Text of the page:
If you like running like we do, you are certainly surrounded by the right people. It is remarkable how supportive, encouraging, and growing the Rochester and Finger Lakes Region Running community is and how lucky we are to have it and its leaders. While attending the Greater Rochester Running Club Yearly Banquet, Drink Like a Girl 5K met up with Rochester living-legend Melissa Johnson-White and asked her to join our event. Johnson-White is a five-time Olympic Trial Qualifier, six-time USA Team Member, an NCAA Champion, and a three-time Walt Disney Half Marathon Winner. She is currently training again for the Olympic Trials, but along the way will stop by Geneva to speak to all of our Drink Like a Girl 5K participants prior to the race.
Drink Like a Girl 5K: We are so excited to have you join us for the First Annual Drink Like a Girl 5K Event. What are the Olympic Trials and how do you qualify?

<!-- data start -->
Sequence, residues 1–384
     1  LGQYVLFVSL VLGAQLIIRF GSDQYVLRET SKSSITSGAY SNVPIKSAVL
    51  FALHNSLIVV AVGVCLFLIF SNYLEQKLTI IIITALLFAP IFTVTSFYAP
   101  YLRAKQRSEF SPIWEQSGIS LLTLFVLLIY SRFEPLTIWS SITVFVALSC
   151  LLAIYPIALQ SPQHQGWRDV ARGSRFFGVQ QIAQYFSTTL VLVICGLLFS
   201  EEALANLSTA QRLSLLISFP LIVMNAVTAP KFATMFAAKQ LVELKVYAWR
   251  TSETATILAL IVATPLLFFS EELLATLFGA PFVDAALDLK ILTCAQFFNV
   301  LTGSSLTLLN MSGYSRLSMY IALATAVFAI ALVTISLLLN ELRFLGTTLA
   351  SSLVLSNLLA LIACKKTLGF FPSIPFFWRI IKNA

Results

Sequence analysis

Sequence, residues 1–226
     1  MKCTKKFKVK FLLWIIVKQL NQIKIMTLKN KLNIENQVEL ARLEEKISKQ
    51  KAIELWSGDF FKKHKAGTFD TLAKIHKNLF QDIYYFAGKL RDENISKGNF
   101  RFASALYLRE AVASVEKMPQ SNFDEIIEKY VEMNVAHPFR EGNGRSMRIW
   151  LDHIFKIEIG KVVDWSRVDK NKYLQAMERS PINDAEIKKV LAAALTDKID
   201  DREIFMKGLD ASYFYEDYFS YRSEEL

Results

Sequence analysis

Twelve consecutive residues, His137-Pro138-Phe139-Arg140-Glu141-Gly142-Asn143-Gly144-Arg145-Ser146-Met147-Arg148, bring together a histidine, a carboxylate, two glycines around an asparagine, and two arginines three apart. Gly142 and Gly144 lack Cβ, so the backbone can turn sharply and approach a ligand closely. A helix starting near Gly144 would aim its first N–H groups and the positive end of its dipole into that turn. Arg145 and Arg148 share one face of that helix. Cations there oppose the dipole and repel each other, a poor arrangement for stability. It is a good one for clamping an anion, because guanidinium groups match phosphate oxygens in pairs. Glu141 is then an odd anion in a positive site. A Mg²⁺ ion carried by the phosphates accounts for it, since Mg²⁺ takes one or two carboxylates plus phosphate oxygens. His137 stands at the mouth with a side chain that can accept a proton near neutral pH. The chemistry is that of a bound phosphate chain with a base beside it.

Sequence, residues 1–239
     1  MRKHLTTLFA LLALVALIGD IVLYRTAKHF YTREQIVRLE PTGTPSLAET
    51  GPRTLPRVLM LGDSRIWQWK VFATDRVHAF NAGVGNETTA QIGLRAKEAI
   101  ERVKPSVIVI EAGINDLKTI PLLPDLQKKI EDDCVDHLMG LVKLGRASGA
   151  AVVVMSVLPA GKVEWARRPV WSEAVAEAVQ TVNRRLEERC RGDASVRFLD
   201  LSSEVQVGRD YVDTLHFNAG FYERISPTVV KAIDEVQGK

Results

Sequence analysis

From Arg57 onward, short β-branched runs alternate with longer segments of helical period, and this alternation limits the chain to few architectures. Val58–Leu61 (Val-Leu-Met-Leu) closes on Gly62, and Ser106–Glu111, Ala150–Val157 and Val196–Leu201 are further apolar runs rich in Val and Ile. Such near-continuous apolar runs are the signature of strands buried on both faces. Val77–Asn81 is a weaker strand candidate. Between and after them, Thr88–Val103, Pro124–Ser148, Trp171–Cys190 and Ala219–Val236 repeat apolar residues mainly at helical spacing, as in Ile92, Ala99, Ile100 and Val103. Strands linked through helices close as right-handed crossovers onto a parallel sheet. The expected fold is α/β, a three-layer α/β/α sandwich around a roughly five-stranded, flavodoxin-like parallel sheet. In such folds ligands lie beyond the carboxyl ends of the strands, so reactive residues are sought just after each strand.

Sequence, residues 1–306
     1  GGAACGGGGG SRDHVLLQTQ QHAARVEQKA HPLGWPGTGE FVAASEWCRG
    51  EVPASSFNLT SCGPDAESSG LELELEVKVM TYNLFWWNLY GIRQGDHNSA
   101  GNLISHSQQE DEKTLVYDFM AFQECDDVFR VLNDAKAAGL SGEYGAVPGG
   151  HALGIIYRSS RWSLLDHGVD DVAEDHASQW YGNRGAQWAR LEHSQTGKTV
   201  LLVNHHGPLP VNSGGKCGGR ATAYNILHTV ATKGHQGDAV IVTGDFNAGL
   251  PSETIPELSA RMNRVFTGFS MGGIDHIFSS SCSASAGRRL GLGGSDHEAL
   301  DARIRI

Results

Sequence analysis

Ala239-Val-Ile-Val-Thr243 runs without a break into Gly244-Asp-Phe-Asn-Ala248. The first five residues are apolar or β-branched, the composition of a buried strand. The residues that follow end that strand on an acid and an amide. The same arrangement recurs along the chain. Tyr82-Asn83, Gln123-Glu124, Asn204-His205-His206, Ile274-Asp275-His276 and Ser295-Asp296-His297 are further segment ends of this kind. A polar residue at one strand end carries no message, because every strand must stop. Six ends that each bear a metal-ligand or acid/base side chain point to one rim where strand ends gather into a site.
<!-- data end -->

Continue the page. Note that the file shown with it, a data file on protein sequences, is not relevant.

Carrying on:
Melissa Johnson-White: This year will be my fifth Olympic Trials. Which is exciting. My goals will be a little bit different than they have been previously. This time life is a little bit different; I’ve had two kids. Not to say I don’t have big goals, I still like to run really well. I’ve been training, but my chances to be top three are probably pretty slim this time. I want to take it in a little bit and celebrate that I have made it for the 5th time. Just talking about women in general, this will be the largest women’s field they have ever had: 463 women are signed up, usually it’s in the 200 range. This is going to make history for women.
The way you qualify for the Olympic Trials is basically that every 4 years there’s going to be an Olympic Games. We usually have about 2 years of a qualifying window, so for women this time, you had to run under a certain time to make it to a qualifying marathon. That’s how you can get in. If you hit the standard, you then get entry in to the race. At the race, the top three women and three men from the race go to the Olympics. It’s only the top three.